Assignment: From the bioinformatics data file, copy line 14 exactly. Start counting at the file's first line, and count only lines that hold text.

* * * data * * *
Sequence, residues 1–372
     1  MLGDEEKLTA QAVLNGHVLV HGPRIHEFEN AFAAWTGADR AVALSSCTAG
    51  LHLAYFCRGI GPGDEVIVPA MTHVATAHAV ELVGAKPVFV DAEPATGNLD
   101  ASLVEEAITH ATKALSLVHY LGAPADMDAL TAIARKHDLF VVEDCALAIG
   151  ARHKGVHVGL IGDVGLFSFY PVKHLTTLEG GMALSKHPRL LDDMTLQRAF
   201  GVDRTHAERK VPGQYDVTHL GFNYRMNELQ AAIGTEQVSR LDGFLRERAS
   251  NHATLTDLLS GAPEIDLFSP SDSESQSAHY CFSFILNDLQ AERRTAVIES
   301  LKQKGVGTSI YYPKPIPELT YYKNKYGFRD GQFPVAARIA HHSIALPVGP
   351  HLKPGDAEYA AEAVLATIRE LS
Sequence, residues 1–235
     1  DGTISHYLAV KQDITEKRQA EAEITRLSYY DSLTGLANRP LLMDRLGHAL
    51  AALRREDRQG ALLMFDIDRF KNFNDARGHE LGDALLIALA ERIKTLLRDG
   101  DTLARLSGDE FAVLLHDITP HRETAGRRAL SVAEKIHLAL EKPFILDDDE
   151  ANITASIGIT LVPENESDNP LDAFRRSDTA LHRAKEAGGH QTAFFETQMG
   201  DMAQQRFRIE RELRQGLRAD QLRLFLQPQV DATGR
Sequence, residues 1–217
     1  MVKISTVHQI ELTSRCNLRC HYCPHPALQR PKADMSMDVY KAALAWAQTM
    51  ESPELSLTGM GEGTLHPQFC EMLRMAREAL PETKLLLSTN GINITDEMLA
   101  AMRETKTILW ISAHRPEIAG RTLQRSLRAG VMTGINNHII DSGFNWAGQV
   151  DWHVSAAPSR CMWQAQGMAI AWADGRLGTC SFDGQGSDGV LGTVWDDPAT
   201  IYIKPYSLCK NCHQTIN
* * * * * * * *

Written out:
   151  ANITASIGIT LVPENESDNP LDAFRRSDTA LHRAKEAGGH QTAFFETQMG